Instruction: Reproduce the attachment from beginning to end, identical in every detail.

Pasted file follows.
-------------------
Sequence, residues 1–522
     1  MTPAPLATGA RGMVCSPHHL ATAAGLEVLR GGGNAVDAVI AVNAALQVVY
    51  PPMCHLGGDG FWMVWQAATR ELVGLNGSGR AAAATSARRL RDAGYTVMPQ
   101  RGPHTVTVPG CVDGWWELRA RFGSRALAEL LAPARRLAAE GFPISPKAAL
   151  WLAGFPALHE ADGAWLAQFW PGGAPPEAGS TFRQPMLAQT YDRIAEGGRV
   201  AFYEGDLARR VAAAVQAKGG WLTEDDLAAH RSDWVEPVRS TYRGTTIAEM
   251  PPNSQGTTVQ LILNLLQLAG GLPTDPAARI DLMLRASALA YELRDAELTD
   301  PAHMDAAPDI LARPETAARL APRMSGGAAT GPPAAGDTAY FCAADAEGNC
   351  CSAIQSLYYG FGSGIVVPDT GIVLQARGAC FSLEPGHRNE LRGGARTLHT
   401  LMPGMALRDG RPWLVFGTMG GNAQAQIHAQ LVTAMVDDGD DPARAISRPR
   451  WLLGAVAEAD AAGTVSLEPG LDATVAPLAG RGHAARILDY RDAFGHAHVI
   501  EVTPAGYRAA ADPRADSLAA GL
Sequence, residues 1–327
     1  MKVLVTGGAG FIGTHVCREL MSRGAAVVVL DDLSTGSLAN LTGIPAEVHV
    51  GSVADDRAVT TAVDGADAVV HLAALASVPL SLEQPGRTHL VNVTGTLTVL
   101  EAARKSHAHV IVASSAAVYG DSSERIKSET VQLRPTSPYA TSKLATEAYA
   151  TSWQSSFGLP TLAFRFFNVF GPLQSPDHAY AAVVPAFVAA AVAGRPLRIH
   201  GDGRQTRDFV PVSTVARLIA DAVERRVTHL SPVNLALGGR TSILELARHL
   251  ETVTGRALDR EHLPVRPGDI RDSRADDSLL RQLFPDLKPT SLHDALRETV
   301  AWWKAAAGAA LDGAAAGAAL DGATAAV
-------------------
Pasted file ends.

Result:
Sequence, residues 1–522
     1  MTPAPLATGA RGMVCSPHHL ATAAGLEVLR GGGNAVDAVI AVNAALQVVY
    51  PPMCHLGGDG FWMVWQAATR ELVGLNGSGR AAAATSARRL RDAGYTVMPQ
   101  RGPHTVTVPG CVDGWWELRA RFGSRALAEL LAPARRLAAE GFPISPKAAL
   151  WLAGFPALHE ADGAWLAQFW PGGAPPEAGS TFRQPMLAQT YDRIAEGGRV
   201  AFYEGDLARR VAAAVQAKGG WLTEDDLAAH RSDWVEPVRS TYRGTTIAEM
   251  PPNSQGTTVQ LILNLLQLAG GLPTDPAARI DLMLRASALA YELRDAELTD
   301  PAHMDAAPDI LARPETAARL APRMSGGAAT GPPAAGDTAY FCAADAEGNC
   351  CSAIQSLYYG FGSGIVVPDT GIVLQARGAC FSLEPGHRNE LRGGARTLHT
   401  LMPGMALRDG RPWLVFGTMG GNAQAQIHAQ LVTAMVDDGD DPARAISRPR
   451  WLLGAVAEAD AAGTVSLEPG LDATVAPLAG RGHAARILDY RDAFGHAHVI
   501  EVTPAGYRAA ADPRADSLAA GL
Sequence, residues 1–327
     1  MKVLVTGGAG FIGTHVCREL MSRGAAVVVL DDLSTGSLAN LTGIPAEVHV
    51  GSVADDRAVT TAVDGADAVV HLAALASVPL SLEQPGRTHL VNVTGTLTVL
   101  EAARKSHAHV IVASSAAVYG DSSERIKSET VQLRPTSPYA TSKLATEAYA
   151  TSWQSSFGLP TLAFRFFNVF GPLQSPDHAY AAVVPAFVAA AVAGRPLRIH
   201  GDGRQTRDFV PVSTVARLIA DAVERRVTHL SPVNLALGGR TSILELARHL
   251  ETVTGRALDR EHLPVRPGDI RDSRADDSLL RQLFPDLKPT SLHDALRETV
   301  AWWKAAAGAA LDGAAAGAAL DGATAAV